The meta-dimension of 'space' completes the traditional 'subject-centric' and 'temporal' perspectives (see in-depth descriptions of research projects R/M-1 and R/M-2), allowing novel insights across many disciplines. There are several areas of overlap and synergies with the research cluster T/P since – naturally – data models and representations need to accommodate the spatio-temporal aspect. For the sake of simplicity and structuring the DK GIScience research program we examine the data modelmore from the context of form andthen the specificities of processes in the T/P cluster. For this R/M cluster a central aspect is the dichotomy ofdiscrete-object versus continuous-field representations. The T/P cluster thus needs to deal with formalizing ontologies for GIScience (Fonseca et al. 2002, Agarwal, 2005, Bittner et al. 2009) but will not fully embrace a philosophical – yet important – discussion on ontologies.
A special focus will be the OBIA approach (Blaschke 2010) which will specifically be investigated in R/M-1, R/M-2 and R/M-3for physical phenomena originating from Earth Science research. For example, landforms can be seeneither as a collection of non-overlapping, space-exhausting, discrete areas or as functionswhich mape.g. membership likelihoods to nominal variables. What is the scientific research problem in common with e.g. the 3D MP-geostatistical simulation of the sediment inventory in complex aquifers and associated ground water modelling (hydraulic properties, contaminant dispersion) as tackled in R/M-3? In order to restrict the research to a realistic amount of work the R/M cluster will mainly work in physio-geographical domains and will only partially investigate social data as such but will collaborate with and contribute to the other two clusters especially with the geostatistical expertise, as well as in the educational program.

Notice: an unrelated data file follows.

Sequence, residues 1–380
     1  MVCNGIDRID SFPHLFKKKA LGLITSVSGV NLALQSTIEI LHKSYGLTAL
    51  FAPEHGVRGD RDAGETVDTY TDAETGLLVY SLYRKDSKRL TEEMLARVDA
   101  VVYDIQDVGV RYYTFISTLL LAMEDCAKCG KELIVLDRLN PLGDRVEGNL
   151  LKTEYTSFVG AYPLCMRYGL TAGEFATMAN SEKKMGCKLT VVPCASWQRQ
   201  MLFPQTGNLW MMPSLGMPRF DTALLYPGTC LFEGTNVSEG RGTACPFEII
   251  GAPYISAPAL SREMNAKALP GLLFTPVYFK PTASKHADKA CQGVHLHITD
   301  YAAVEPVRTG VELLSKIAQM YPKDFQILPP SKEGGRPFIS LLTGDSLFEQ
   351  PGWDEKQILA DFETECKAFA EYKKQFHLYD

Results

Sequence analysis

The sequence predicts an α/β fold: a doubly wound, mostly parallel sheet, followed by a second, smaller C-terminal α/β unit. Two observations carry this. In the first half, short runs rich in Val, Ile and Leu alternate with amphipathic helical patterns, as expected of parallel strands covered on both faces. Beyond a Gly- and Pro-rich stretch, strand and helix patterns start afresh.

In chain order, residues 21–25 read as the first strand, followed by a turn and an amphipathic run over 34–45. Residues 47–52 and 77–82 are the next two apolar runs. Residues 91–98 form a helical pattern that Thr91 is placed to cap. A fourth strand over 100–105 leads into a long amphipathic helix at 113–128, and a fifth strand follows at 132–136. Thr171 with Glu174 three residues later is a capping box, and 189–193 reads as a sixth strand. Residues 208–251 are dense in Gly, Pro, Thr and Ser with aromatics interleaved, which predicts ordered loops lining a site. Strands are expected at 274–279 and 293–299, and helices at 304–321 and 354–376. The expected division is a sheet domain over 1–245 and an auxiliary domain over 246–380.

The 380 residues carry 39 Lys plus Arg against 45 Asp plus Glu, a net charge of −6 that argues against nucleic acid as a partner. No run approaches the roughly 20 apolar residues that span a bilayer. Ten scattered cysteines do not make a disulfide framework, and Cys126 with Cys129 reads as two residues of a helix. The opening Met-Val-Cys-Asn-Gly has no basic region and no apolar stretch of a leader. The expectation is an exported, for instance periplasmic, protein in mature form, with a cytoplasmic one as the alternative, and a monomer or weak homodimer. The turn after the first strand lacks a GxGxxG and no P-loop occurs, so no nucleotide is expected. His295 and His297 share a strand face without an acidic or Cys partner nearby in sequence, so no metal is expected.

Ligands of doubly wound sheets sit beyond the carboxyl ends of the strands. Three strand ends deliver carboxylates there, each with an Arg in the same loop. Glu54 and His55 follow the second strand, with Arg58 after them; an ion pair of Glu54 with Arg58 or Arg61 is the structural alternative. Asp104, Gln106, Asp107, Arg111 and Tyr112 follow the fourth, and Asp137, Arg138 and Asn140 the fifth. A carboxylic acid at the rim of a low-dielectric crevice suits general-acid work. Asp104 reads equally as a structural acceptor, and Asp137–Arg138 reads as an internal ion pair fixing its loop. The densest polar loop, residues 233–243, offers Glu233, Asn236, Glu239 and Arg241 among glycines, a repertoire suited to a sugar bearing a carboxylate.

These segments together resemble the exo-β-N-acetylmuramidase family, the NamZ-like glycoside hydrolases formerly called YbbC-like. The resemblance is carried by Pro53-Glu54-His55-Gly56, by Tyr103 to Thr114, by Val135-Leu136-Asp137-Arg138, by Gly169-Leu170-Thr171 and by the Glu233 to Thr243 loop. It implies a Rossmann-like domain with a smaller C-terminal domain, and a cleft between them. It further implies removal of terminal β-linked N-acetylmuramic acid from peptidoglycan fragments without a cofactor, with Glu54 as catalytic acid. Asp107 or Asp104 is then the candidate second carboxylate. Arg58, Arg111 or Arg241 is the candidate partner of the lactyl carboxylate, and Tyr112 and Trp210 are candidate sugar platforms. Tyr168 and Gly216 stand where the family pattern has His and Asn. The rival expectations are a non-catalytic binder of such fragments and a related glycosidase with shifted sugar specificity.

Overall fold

Overarching research questions for PhD topics addressed in this cluster include:
Agarwal, P., 2005. Ontological considerations in GIScience. International Journal of Geographical Information Science 19, 501–536.
Bittner, T., Donnelly, M., Smith, B. 2009.A Spatio-Temporal Ontology for Geographic Information Integration. International Journal of Geographical Information Science 23(6): 765-798.
Blaschke, T., 2010. Object based image analysis for remote sensing. ISPRS International Journal of Photogrammetry and Remote Sensing 65 (1), 2-16.
Burnett, C. and Blaschke, T., 2003. A multi-scale segmentation / object relationship modelling methodology for landscape analysis. Ecological Modelling 168(3), 233-249.
Dragut, L; Tiede, D; Levick, SR, 2010.ESP: a tool to estimate scale parameter for multiresolution image segmentation of remotely sensed data. Int. Journal of Geographical Inf. Science 24 (6), 859-871.
Fabrikant, S. I. 2001. Evaluating the Usability of the Scale Metaphor for Querying Semantic Spaces, Spatial Information Theory: Foundations of Geographic Information Science. Conference on Spatial Information Theory, Berlin, pp. 156-171.
Fonseca, F., Egenhofer, M., Agouris, P., Camara, G., 2002.Using Ontologies for Integrated Geographic Information Systems.Transactions in GIS 6, 231–257.
Goodchild, M.F., M. Yuan, T.J. Cova 2007.Towards a general theory of geographic representation in GIS. International Journal of Geographical Information Science 21(3): 239–260.
Hay, G.J. and Blaschke, T., 2010. Foreword Special Issue: Geographic Object-Based Image Analysis (GEOBIA). Photogrammetric Engineering and Remote Sensing 76 (2), 121-122.
Marceau, D., 1999. The scale issue in the social and natural sciences. Canadian Journal of Remote Sensing 25 (4), 347–356.Mark, D.M., 2003. Geographic Information Science: defining the field. In: Duckham, M., Goodchild, M.F., Worboys, M. (eds.), Foundations of Geographic Information Science. London: Taylor & Francis. pp. 3–18.